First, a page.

Professional 'League of Legends' Coach to Launch New Coaches Association
The LCS and North American Challengers League will now have a coaches' counterpart to its already-established players' association.
A former “League of Legends” professional head coach is launching a coaches association aiming to provide mentorship, legal support, education and certification for those coaching across all levels of the game.
Former Immortals and FlyQuest head coach Gabriel “Invert” Zoltan-Johan is starting the Esports Coaches Guild, a new nonprofit association that is expected to serve as the new advocacy body of coaches in “League of Legends”, he told The Jacob Wolf Report this week.
The Coaches Guild will welcome professional level coaches from the League Championship Series and North American Challengers League, as well as those coaching across high school, collegiate and amateur leagues. Zoltan-Johan said he expects that nearly all of the professional-level coaches—around 70 to 75 between the LCS and the NACL—will join the guild. So far, several coaches have joined early to assist with creating education coursework and content, he said.
“Having an equivalent [to the Players Association] for coaches and competitive staff, I find to be pretty important because the job itself has comparatively low job security, coaches don't often have many rights, and often a lot of coaches are not represented by any sort of legal team or agent just because of potential conflict of interests that occur,” Zoltan-Johan said in a phone interview on Tuesday.
“So agents more often represent players because players can make them a larger commission and they don't want to deal with situations where they're representing a coach and a player, and there could be a potential conflict there.”
Annual dues consist of three tiers, at $300, $400 and $500, depending on the access to content and legal assistance the joining coach is in need of from the guild. Members benefits include contract review, access to exclusive coursework created by current and former professional-level coaches and eventually, conferences, summits and keynotes.
Zoltan-Johan said that the $500 annual membership is all inclusive and is primarily for current professional-level coaches, where the $300 membership is more geared towards scholastic coaches working across high school and elsewhere.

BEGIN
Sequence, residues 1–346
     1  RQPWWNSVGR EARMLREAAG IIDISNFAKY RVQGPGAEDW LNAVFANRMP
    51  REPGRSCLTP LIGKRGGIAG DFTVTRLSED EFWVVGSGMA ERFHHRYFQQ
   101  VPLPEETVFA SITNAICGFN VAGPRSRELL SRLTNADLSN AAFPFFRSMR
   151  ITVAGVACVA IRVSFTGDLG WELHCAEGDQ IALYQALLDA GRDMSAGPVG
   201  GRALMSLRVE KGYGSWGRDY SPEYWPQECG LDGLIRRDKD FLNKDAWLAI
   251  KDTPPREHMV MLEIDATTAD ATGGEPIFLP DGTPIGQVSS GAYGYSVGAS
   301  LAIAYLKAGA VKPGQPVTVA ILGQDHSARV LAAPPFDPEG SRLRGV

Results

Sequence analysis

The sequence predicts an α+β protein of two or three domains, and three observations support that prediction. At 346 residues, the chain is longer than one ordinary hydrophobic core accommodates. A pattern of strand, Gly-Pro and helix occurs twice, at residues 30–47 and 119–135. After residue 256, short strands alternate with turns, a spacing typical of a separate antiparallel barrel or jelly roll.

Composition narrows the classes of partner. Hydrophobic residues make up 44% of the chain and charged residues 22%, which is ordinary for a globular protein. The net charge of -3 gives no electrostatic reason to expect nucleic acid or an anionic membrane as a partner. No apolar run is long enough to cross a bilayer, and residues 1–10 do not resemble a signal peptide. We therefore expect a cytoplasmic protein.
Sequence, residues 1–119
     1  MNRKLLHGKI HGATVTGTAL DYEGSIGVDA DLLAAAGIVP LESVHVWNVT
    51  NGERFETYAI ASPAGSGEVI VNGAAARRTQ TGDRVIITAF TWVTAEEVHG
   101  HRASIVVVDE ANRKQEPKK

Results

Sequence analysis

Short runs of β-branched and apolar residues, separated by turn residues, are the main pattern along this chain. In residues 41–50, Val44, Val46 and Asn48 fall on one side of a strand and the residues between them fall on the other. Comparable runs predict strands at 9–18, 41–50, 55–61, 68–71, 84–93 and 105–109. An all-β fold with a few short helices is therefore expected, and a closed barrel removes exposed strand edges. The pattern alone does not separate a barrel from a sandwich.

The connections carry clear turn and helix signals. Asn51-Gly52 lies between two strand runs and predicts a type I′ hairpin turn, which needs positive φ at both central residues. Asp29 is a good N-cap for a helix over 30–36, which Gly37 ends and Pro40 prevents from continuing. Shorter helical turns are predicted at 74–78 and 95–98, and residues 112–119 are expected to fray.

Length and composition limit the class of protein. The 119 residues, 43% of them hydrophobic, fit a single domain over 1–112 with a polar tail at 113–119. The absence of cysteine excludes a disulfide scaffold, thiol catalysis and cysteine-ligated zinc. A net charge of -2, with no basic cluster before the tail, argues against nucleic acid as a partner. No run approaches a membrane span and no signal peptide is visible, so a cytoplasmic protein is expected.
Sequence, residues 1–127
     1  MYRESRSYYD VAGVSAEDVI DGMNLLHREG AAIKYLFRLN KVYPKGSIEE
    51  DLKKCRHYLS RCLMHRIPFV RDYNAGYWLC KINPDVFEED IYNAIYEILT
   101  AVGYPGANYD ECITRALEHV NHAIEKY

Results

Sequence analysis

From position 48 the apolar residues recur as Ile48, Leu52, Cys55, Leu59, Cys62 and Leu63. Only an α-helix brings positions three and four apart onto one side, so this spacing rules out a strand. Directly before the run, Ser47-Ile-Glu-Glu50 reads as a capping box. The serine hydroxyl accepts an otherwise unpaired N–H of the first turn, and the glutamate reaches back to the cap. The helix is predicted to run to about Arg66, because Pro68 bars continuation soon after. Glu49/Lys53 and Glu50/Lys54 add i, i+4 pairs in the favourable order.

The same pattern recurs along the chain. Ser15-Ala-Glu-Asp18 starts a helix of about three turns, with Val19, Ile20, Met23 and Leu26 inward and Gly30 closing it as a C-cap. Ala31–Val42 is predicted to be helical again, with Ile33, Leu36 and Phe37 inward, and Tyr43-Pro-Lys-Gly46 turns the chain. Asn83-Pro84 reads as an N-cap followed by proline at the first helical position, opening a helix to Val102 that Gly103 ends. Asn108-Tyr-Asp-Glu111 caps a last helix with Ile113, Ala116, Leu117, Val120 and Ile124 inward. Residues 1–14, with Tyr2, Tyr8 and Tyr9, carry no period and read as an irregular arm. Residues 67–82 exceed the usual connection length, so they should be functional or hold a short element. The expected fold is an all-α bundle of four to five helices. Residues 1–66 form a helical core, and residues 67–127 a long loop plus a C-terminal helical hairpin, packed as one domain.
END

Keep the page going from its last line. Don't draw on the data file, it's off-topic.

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Zoltan-Johan’s coaching career began during his time at the University of Toronto, where he managed and coached the school’s club “League of Legends” team, which went on to place highly in several collegiate tournaments around the world. He then became a journalist, covering “League” and other esports at Toronto-based sports news website theScore, but continued to coach the university team on the side.
Zoltan-Johan transitioned into professional-level coaching in late 2017, when LCS team FlyQuest hired him to be the head coach of its Academy team. Since, he’s done stints with the main FlyQuest team, as well as Dignitas and Immortals. He departed Immortals in October and has focused on launching the guild throughout this off-season.
The need for a coaches association, he said, came after he and his peers were frequently approached by other coaches looking for advice and feedback on contracts and negotiations. Inspired by the League Championship Series Players Association, a now-independent body that represents professional players across the LCS and Academy, Zoltan-Johan began to plan for the guild as a similar body but for competitive staff.
“I've just experienced a lot of situations where newer coaches will come to me with their contracts for me to review or for me to get someone to review because they don't know where to look and they don't know where to start,” he said. “And in some cases, they could be exploited and they could have harmful clauses or predatory clauses in their contract that they're unaware of if they didn't have that connection to me or to another resource. So being able to have a centralized body to provide that was the driving motivating factor for me.”
While the association is starting with “League of Legends”, Zoltan-Johan said he wants to expand to “VALORANT” in the near future, citing a need there he’s heard from other coaches.
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